TypeScript example using RequireJS

1. TypeScript with RequireJS

In this article we are going to explain how to create a TypeScript application and separate its components in modules. After that we are going to show how to load these modules using AMD with RequireJS and the TypeScript compiler options to support it.
All code and examples used in this tutorial are available in the download section at the end of this article.
Before starting with the article you need to install NodeJS in your system. Instructions can be found here:

2. RequireJS

RequireJS is an AMD JavaScript library that supports asynchronous file and module loading. It is optimized for web browser usage but it is also possible to use in Java or Node environments. It is compatible with all main browsers and quite intuitive to use. Its main benefit is that it offers the option to logically structure an application following the AMD principles.

In the article you can find more information about how to use RequireJS.

3. TypeScript

TypeScript is a free and open source programming language created and supported by Microsoft. It enhances basic JavaScript with Object Oriented capabilities like object typing and classes support. Applications writen in TypeScript need to be transcompiled to JavaScript. The compiler is called tsc and code written in TypeScript can be compiled to JavaScript in almost any JavaScript engine like NodeJS or a Browser, in this example we are going to use NodeJS to compile the application.

As we said before we are going to install TypeScript using NodeJS, in order to do that, you can type:

npm install -g typescript

To check that the installation has been successfull please type tsc in your console and something like the following should appear:

Version 1.8.10
Syntax:   tsc [options] [file ...]

Examples: tsc hello.ts
          tsc --out file.js file.ts
          tsc @args.txt

 --allowJs                           Allow javascript files to be compiled.
 --allowSyntheticDefaultImports      Allow default imports from modules with no default export. This does not affect code emit, just typechecking.
 --allowUnreachableCode              Do not report errors on unreachable code.
 --allowUnusedLabels                 Do not report errors on unused labels.
 -d, --declaration                   Generates corresponding '.d.ts' file.

A good explanation and overview about TypeScript can be found in

4. Creating a TypeScript project with NodeJS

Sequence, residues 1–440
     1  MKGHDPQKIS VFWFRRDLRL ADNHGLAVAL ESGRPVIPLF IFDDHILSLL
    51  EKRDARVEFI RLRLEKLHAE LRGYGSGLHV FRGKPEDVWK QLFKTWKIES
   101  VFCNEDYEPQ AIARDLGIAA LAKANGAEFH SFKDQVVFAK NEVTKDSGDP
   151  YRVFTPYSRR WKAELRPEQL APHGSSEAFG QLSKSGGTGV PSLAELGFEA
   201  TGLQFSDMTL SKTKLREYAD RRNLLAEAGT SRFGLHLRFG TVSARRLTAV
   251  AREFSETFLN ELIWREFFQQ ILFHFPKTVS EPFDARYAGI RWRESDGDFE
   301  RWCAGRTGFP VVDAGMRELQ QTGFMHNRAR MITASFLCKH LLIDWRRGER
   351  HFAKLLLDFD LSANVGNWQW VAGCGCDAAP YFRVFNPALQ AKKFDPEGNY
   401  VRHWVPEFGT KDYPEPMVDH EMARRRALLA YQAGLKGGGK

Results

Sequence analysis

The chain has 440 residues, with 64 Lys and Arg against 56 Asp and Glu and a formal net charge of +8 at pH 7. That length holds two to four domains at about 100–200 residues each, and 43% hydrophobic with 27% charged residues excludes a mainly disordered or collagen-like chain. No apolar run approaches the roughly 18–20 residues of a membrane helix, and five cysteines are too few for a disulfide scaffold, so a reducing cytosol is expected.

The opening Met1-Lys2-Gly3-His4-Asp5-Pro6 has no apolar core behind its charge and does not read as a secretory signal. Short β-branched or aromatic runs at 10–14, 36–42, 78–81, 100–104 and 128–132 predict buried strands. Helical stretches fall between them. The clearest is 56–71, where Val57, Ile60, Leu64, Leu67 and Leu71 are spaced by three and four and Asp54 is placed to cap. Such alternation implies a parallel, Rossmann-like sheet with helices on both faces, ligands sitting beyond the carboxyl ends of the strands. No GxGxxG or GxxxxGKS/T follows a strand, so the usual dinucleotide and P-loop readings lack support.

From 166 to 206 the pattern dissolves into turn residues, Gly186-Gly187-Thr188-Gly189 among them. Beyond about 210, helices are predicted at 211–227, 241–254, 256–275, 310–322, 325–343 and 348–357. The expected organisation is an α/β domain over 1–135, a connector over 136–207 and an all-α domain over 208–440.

In order to create our application we type the following

npm init 

and we accept all options that are prompted (in case you want to modify some, fell free to do it).

We edit the package.json file and include the following to indicate a TypeScript dependency:


//check download section to see JS code
"dependencies": {
    "typescript": "^1.8.10"

After that we edit again the package.json and add a new script to run the TypeScript compiler tsc:


//check download section to see complete JSON
 "scripts": {
    "test": "test",
    "tsc_amd": "tsc --module amd Game.ts"

We will explain later what options we are passing to the compiler.

5. Modules in TypeScript

Modules is all about scoping. That is classes, methods, functions, etc. declared in the scope of a module are not visible outside this scope. In order to make them visible they need to be exported. The same applies for using this variable, function, class, method, whatever outside this module: it needs to be imported.

Modules features can be exported in one of the following ways:

    • using the keyword export, like in:


//check download section to see similar JS code
export const name = "dani";
    • using export statements, for example:


//check download section to see similar JS code
class Saluter{
    hi(s: string) {
        return "hello " + name;
export { Saluter};
export { Saluter as MySaluter };
    • using export =, in this case import let = require("module") needs to be used. This option will be used in the article. For example:


//check download section to see similar JS code
class Salute{
    hi(s: name) {
        return "hello " + name;
export = Salute;


//check download section to see similar JS code
import salute = require("./Salute");
let saluter= new salute();

Imports can be done in one of the following ways:

    • Import a single export from a module


//check download section to see similar JS code
import { Salute} from "./Salute";

let salute = new Salute();
    • Import the entire module into a single variable, and use it to access the module exports


//check download section to see similar JS code

import * as saluter from "./Salute";
let sal = new saluter.Salute();

Once we know how to create modules in TypeScript and how to export and import them and their properties, we need to generate them by indicating the tsc compiler what module target we are going to use. Possible targets are:

  • CommonJS (for NodeJS apps)
  • AMD / RequireJS
  • UMD
  • SystemJS
  • ECMAScript 2015 native modules

The target is indicated to the compiler with the option --module, like:

tsc --module  

In this article we are going to show how to generate modules for AMD RequireJS based applications. This can be done by typing:

tsc --module amd 

In order to generate just one output file the option outFile can be used in combination with the --module amd shown before.

This is just a brief explanation to support our example. For more information about modules in TypeScript please visit

6. Example